Knowing what I know, though, it's still hard to picture their standards so lax that a guy on the beach could brag about his misbehavior and failure to be in school and that he'll be advanced anyway toward a degree and career. I’ve had a few lenient professors in my career, but none of them was quite that lenient. And not so much because they didn’t want to be cool, but because the price of it would be their reputation and profession. So everyone was respectable.

Even my guidance counselor was genuinely educated, I’m assuming. I actually never saw his degrees or transcripts, but I have a hard time believing no one else did. Now that he’s gone, passed on, it’s probably a moot point. But for all the faults I found with him, having the required degrees wasn’t among them.

"Reforming Wrestling Coaches Since 1965." That’s a pretty good record, depending on when the ad was made. If it was 1966, then they were just at it. If it was last week, that’s a long time not just to endure wrestling coaches but to reform them! That much reformation, if it were really happening, would have revolutionized the industry by now! Because one thing none of us wants — except maybe them — are wrestling coaches running amok and unreformed.

And the Alert-o-Tron 5000, while it sounds like a great invention, is probably someone’s idea of a gag. The very idea that someone could strap on an Alert-o-Tron and manage to stay awake for 2 minutes and get a degree sounds like a stretch. Heck, I could stay awake for 2 minutes, depending on what time of day it is, without an Alert-o-Tron, and I wouldn’t be a good wrestling coach. I don’t know anything about the various techniques, except the very basics: If you're pinned and exhausted, give up and pound the mat yourself. And as far as the well-known perks of the trade, I don’t swing with such lenience. I’m particular as to partners and follow some pretty stringent guidelines. Flowers, wine, a call the next day...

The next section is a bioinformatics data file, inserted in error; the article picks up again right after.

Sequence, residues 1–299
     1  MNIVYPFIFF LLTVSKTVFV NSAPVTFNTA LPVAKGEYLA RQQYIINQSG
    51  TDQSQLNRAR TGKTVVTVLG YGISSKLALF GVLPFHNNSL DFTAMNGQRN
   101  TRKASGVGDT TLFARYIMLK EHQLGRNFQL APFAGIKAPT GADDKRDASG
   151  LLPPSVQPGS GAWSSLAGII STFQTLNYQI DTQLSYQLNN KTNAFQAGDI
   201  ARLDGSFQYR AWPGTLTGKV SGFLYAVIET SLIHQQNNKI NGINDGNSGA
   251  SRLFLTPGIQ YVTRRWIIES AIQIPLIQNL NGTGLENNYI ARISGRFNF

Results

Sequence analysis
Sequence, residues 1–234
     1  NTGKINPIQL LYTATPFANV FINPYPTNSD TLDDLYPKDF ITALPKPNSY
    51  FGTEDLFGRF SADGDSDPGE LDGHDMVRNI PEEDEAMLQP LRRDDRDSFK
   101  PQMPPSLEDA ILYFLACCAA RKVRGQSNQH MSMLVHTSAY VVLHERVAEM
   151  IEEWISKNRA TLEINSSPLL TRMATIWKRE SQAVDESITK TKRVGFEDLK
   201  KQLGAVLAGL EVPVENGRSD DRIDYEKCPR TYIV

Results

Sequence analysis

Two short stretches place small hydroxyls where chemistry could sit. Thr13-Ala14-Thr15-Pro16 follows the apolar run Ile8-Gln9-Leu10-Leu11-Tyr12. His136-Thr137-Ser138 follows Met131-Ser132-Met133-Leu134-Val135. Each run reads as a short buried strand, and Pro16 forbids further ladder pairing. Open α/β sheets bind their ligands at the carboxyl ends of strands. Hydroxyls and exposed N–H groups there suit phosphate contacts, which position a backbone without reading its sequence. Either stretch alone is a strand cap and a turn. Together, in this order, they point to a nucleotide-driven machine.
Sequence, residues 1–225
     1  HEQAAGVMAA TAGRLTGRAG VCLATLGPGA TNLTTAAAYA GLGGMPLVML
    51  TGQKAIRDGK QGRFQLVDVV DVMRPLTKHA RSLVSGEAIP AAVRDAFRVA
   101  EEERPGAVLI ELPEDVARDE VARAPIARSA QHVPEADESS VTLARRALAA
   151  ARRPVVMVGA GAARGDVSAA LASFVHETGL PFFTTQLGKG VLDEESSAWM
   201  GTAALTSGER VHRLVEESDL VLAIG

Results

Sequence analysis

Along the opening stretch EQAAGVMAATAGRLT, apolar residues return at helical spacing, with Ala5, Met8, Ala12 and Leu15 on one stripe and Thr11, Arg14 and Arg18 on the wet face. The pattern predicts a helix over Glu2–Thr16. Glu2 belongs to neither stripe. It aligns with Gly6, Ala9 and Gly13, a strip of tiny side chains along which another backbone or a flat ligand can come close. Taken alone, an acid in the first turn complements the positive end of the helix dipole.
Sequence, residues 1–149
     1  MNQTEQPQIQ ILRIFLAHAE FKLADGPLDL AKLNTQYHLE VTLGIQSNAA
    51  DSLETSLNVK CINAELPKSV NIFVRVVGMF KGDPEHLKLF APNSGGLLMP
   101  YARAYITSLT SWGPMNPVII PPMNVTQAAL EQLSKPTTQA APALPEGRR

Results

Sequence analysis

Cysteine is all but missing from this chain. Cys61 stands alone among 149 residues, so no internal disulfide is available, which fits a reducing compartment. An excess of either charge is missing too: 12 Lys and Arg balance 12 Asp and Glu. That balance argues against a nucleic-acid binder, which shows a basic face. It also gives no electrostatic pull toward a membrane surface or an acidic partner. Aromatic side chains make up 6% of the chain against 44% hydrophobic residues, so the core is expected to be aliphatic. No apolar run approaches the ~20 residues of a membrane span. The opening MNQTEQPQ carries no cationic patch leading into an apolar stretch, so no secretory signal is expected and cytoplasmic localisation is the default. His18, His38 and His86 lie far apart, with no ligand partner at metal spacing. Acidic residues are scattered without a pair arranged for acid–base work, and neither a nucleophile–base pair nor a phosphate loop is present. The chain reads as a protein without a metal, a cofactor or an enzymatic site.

Tuesday, April 23, 2019

Birth, Life, and Death

No. 23 of 30 -- Guidance Counselor series

As the school year winds down at Dump Overlook High there's a big assembly, with the guidance counselor offering his thoughts on the year just passed and his vision for the future. The natural assumption is that he has lots of wisdom and will draw something good from it for our inspiration.

The year I graduated it was a big production, with me even having a part in crafting the grand backdrop. I’m proud to say the backdrop hadn't always been so lavish. Some years it was no more than a few pathetic sheets of paper tacked to the front of the podium with illustrations like the sun, moon, and stars, a sky motif illustrating the passing of the years and our hopes and dreams.

My year was a much bigger deal, with a huge backdrop on Birth, Life, and Death. The scheme was almost philosophical. Birth is over here on the viewer’s left, the beginning. Life is the indeterminate span after Birth, which unfortunately leads — varying from person to person, depending on his or her susceptibility to whatever's catching, everything from polio to gonorrhea and its associated itching — to a possibly brutal and painful Death. It's humbling to think of some of the ways you can die. I knew a guy literally decapitated! Never knew what hit him. Only knew, whatever it was, it was fast...